APG-L ArchivesArchiver > APG > 2007-12 > 1197491027
From: "Melinde Sanborn" <>
Subject: Re: [APG] WIKIPEDIA vs "The Good Old Days" and Use ofencyclopediasasa source
Date: Wed, 12 Dec 2007 15:23:47 -0500
While not containing information critical to a genealogical conclusion, the
Wikipedia entry for Henry Black, of Black's Law Dictionary, was quite
helpful in suggesting sources (by commission and omission) for the sketch on
the inside front cover of the Law and Genealogy issue of the NGSQ. It was,
at the time, the best "collection" of facts about Black that an extended
search could uncover online. It was written by a historian who did not
reference, or include without reference, facts in ready evidence in usual
sources, such as city directories and censuses. It was convenient, but
needed to be deconstructed and rebuilt on the "quality" of every statement.
A well known publisher issued yet another printing of Virkus a few years
back. It sells, yet it is a dreadful piece of flawed genealogy. Exhaustive
doesn't mean common, does it?
I have corrected Wikipedia entries only in instances when I was a witness to
events being discussed. I've never gone back to see if the changes were
"corrected" again, though.
From: [mailto:] On Behalf
Of Elizabeth Shown Mills
Sent: Wednesday, December 12, 2007 3:04 PM
Subject: Re: [APG] WIKIPEDIA vs "The Good Old Days" and Use of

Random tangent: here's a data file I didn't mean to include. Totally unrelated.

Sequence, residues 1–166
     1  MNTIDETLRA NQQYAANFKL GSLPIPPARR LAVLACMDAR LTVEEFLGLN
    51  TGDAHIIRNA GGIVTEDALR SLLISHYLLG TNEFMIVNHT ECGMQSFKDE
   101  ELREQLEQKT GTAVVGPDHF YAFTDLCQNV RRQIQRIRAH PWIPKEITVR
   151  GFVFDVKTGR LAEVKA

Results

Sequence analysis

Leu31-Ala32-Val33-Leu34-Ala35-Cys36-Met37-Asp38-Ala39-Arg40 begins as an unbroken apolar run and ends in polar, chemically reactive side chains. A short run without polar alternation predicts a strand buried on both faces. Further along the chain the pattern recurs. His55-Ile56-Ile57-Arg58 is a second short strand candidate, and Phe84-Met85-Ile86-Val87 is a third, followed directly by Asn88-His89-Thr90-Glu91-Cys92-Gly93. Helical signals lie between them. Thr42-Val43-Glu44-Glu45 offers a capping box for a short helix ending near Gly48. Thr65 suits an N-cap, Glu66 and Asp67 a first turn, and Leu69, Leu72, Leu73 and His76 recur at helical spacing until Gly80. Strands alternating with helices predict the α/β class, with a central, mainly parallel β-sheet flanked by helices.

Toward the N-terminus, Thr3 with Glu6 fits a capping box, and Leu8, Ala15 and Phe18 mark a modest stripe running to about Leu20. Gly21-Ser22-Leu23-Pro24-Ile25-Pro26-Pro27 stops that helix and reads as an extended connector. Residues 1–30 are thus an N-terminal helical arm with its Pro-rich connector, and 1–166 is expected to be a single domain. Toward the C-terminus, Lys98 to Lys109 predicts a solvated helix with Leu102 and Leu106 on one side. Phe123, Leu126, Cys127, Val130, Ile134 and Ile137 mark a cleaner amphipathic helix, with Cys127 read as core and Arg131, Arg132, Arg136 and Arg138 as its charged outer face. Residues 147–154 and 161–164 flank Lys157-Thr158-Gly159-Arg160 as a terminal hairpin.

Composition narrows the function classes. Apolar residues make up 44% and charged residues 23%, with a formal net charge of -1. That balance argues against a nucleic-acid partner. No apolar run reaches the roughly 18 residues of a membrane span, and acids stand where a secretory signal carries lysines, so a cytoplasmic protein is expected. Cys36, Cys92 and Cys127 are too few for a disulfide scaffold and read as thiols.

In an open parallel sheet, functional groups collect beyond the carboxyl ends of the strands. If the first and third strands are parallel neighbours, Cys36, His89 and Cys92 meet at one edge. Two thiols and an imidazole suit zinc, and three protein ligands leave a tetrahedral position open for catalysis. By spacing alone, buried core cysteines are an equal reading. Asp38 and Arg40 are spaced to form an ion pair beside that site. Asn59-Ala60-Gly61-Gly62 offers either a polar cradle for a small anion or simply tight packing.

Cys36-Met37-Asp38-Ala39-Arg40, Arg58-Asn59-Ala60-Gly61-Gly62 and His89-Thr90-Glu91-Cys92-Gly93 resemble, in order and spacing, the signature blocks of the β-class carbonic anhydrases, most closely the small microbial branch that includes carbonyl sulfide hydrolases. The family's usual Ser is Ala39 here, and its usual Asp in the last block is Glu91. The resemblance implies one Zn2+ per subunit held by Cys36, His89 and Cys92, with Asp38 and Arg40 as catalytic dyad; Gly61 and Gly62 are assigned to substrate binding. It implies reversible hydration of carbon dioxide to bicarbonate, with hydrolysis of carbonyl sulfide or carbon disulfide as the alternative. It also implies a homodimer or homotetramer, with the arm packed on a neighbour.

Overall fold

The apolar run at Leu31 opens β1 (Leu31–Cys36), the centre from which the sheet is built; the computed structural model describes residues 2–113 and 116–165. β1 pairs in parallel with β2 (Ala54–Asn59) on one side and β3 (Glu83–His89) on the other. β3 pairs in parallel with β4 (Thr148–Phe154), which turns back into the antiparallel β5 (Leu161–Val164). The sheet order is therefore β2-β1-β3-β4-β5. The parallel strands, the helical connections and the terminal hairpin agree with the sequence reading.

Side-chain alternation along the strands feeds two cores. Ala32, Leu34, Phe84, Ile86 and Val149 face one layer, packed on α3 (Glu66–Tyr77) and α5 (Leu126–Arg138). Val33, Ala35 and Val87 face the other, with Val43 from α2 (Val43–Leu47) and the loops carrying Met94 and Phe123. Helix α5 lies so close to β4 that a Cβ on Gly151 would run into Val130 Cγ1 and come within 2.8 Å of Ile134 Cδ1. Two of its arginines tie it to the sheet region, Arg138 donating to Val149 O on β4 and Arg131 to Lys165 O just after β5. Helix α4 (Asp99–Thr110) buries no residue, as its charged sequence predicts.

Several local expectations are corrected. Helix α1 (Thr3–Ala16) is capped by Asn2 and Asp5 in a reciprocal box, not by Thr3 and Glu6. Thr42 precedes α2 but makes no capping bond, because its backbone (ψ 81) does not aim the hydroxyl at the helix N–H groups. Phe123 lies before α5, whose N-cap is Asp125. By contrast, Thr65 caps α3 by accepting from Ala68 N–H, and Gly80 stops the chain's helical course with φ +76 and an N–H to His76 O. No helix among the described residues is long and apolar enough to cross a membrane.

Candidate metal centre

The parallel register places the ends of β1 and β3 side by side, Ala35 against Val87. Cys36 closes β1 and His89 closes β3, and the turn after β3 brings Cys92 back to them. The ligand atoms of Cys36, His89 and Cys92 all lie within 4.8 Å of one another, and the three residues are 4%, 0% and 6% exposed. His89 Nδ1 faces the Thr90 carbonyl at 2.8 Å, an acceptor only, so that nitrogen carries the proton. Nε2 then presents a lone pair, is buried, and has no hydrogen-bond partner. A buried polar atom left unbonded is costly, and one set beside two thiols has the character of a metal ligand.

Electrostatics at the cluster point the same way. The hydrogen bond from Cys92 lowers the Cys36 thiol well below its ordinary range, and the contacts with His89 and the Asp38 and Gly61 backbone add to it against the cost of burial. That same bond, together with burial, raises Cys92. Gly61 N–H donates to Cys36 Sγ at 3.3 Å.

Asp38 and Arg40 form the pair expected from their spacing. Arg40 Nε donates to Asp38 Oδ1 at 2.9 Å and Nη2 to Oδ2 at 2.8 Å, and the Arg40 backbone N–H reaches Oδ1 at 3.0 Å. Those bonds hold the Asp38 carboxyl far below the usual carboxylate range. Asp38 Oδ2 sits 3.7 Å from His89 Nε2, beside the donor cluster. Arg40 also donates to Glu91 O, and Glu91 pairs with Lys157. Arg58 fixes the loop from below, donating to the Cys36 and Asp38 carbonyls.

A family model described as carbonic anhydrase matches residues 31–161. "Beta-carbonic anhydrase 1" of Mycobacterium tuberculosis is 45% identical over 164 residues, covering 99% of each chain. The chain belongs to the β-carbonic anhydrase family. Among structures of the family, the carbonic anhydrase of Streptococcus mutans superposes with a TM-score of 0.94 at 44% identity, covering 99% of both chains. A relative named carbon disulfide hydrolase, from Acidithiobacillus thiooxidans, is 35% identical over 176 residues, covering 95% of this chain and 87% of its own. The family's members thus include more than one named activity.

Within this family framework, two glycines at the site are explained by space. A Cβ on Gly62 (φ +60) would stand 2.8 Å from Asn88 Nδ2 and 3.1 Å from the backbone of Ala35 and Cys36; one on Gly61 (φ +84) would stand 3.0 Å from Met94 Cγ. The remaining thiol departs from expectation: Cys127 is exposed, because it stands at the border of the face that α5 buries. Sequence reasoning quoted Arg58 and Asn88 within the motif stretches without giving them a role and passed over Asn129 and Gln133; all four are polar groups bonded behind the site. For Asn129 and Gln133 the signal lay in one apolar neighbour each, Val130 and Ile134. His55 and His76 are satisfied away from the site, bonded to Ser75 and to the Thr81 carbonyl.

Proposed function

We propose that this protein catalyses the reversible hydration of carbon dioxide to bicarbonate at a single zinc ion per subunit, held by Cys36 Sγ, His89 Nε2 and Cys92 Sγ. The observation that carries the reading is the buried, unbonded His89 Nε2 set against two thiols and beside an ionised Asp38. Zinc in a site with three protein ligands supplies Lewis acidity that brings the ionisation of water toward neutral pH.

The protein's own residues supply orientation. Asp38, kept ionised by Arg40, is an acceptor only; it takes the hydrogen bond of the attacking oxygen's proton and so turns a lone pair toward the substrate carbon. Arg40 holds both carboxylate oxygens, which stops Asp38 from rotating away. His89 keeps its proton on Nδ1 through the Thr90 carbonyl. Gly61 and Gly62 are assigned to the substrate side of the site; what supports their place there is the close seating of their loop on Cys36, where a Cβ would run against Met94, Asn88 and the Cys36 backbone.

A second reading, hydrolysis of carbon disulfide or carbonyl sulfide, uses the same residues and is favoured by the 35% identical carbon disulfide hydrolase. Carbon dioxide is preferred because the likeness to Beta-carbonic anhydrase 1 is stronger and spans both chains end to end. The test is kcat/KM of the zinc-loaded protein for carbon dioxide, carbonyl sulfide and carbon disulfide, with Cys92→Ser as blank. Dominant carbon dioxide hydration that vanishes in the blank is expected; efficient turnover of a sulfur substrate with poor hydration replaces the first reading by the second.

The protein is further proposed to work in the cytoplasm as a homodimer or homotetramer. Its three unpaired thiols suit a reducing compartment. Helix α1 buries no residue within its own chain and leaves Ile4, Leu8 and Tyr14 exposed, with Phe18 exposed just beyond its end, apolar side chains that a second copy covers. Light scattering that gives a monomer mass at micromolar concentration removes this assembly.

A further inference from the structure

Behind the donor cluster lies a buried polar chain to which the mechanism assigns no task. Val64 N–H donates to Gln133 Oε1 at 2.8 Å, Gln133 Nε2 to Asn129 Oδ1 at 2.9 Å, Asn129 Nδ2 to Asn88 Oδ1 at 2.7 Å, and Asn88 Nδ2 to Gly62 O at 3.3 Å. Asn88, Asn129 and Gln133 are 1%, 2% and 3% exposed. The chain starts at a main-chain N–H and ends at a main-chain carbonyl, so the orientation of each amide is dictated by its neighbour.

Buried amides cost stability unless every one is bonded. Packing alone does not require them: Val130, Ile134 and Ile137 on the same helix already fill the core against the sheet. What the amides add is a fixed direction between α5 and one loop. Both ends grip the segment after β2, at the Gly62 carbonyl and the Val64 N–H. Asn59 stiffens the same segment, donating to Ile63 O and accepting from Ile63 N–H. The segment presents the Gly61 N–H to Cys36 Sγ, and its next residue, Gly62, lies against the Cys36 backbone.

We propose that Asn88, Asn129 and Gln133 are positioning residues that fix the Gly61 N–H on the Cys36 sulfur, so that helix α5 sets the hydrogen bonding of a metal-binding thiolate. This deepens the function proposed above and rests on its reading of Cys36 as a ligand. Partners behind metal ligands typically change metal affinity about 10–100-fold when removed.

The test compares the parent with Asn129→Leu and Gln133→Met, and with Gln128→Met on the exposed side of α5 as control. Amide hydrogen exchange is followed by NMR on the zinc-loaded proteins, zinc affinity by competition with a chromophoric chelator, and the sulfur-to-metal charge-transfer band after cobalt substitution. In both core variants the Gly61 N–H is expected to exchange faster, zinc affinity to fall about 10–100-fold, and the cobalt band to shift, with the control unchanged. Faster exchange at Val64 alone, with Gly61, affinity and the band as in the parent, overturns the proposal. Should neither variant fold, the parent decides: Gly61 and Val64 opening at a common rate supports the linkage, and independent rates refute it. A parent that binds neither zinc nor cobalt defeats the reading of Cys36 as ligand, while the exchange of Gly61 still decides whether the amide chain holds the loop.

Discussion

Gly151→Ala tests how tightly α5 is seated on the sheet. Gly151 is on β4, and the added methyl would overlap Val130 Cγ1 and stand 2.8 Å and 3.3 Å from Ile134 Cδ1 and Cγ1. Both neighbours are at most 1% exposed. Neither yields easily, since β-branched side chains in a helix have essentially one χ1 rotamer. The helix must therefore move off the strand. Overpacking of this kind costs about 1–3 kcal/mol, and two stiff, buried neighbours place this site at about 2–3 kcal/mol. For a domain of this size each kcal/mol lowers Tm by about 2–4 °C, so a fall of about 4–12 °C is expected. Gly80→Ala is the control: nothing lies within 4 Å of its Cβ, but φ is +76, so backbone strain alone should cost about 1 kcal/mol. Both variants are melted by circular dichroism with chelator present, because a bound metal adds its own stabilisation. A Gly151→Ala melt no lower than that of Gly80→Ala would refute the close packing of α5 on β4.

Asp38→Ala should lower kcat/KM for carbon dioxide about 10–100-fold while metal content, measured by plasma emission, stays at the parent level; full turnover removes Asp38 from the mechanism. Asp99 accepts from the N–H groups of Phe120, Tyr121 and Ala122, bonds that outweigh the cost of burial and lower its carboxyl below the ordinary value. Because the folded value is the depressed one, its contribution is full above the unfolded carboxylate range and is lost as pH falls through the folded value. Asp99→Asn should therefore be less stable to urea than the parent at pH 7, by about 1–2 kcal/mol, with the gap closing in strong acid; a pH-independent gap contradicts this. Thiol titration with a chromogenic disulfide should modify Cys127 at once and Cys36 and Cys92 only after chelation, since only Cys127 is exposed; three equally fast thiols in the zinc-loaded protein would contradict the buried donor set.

Tom Tinney wrote:
The Genealogical Proof Standard
"Acceptable conclusions, therefore,
meet the Genealogical Proof Standard
(GPS). The GPS consists of five elements:"
"a reasonably exhaustive search"
>A reasonably exhaustive search
must now include WIKIPEDIA, because:
(1) According to Alexa, it is Global #8
Tom, does this interpretation mean that "a reasonably exhaustive search"
must also include Myspace, Facebook, YouTube, and the other four sites that
outrank Wikipedia on Alexa?
BCG's definition of "a reasonably exhaustive search" is grounded--first and
foremost--in quality and appropriateness.
Speaking personally, here, while I frequently hit my Wikipedia hotlink, for
subjects of more-casual interest, I have not encountered a situation in
which the use of Wikipedia was critical to any genealogical conclusion I
have reached on the basis of the Genealogical Proof Standard. Would you give
us an example from your own experience? Or, perhaps, someone else on the
list can offer an example?
Elizabeth Shown Mills, CG, CGL, FASG
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|Re: [APG] WIKIPEDIA vs "The Good Old Days" and Use ofencyclopediasasa source by "Melinde Sanborn" <>|